By Stan Welch
It is axiomatic that all politics are local. That is to say that policies and laws and political philosophies are felt most keenly at the level of government closest to home, where we all live our daily lives.
It is also axiomatic that when one political factor or element or party gains dominance and power; and no longer has a viable opponent to fight with, they begin to fight with themselves. An increasingly clear example of the conflict between elements of the Republican Party is emerging, both nationally and locally.
The appearance of the Tea Party, in response to the policies and performance of the Bush administration and other Republicans, has been a mixed blessing at best. On the one hand, the move towards the right has served notice on moderate Republicans that the GOP’s conservative wing is unhappy.
They are unhappy with the size of government, and with what they see as a move to the left so great that it embraces socialism. They seek lower taxes, less regulation, and a simpler view of the way government should function.
On the other hand, many lifelong Republicans, while agreeing in principle with many of the Tea Party’s views, favor a less abrupt approach, and fear that a schism is growing in the party; a schism that weakens the party and endangers its chances of capturing the Senate in 2014.
Again, all politics is local; and the tension between the right and the center of the local Republican Party is on the rise as well. The confusion and disorganization that characterized the recent Anderson County Republican Party convention illustrates the potential damage.
As reported in The Journal, there were fifteen more votes cast than there were registered delegates. Subsequent reports, following hours of review, and recounts by the executive committee, seemed to indicate that the number of delegates was miscounted, instead of the votes. In terms of the overall picture, the difference seems slight. One way or the other, the vote appears to have been fumbled.
That fact led to great discord and rancor between those attending. A number of the more experienced and traditionally Republican members were very disappointed in the way the convention was conducted and they said so. Several vowed to stay away from party functions in the future.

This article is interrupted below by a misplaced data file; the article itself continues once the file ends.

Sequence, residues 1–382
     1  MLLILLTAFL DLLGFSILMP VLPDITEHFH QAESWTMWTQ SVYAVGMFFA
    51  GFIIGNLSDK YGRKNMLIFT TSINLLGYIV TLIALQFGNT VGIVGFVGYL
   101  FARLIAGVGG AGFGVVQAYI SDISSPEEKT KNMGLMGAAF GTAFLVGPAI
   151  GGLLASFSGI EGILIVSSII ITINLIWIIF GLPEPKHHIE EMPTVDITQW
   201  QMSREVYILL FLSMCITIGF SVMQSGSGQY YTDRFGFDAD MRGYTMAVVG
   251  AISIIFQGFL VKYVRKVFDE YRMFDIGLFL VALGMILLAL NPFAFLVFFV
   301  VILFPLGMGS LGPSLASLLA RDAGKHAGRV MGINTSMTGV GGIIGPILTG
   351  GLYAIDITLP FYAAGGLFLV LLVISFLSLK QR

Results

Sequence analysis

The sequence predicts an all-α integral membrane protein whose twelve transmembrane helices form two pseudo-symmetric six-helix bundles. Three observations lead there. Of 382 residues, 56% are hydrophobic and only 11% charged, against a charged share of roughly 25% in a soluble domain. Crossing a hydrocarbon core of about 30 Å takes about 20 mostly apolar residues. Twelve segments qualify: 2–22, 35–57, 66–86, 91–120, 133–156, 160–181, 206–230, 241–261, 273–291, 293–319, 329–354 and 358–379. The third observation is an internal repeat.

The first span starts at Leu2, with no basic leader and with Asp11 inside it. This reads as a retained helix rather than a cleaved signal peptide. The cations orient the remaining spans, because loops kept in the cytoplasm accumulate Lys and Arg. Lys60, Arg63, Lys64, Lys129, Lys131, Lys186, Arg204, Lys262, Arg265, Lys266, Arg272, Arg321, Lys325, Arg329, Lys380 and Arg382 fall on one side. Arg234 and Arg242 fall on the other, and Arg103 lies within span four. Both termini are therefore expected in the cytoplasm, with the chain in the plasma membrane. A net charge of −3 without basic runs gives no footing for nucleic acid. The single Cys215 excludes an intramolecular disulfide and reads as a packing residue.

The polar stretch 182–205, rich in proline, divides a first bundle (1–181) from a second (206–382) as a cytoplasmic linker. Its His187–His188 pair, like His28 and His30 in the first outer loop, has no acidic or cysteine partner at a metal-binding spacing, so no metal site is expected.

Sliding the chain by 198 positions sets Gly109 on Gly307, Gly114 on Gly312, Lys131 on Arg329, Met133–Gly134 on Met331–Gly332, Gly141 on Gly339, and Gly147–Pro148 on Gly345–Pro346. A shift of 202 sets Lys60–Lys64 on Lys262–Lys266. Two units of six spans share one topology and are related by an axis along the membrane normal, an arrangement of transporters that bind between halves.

In general, they are long time veterans of the political wars. Many of them were instrumental in bringing the Republican Party to the position of local dominance that it enjoys, at least for now. Many of them feel that the ongoing radicalization of their party weakens it and makes it vulnerable in light of back to back presidential victories by the Democrats.
Other members, of a more radical opinion, seem quite willing to live with that result, so long as their view prevails. They feel that the Republican Party as it stands today is so moderate as to be almost indistinguishable from the Democrats. That is intolerable to them; a circumstance they waste no opportunity to proclaim.
Unfortunately, that attitude may cost the local party a great deal in terms of influence, experience, fund-raising ability and general credibility; and at a time when the Party, at every level, needs to be identifying, gathering and consolidating its strength, in preparation for what promises to be a rough and tumble Senate campaign next year.
Seems to me it is a hard sell to convince voters that your party can unite and restore the country when it can’t even unite itself. Or as Pogo famously said in the comic strip that bore his name, “We have met the enemy and he is us.”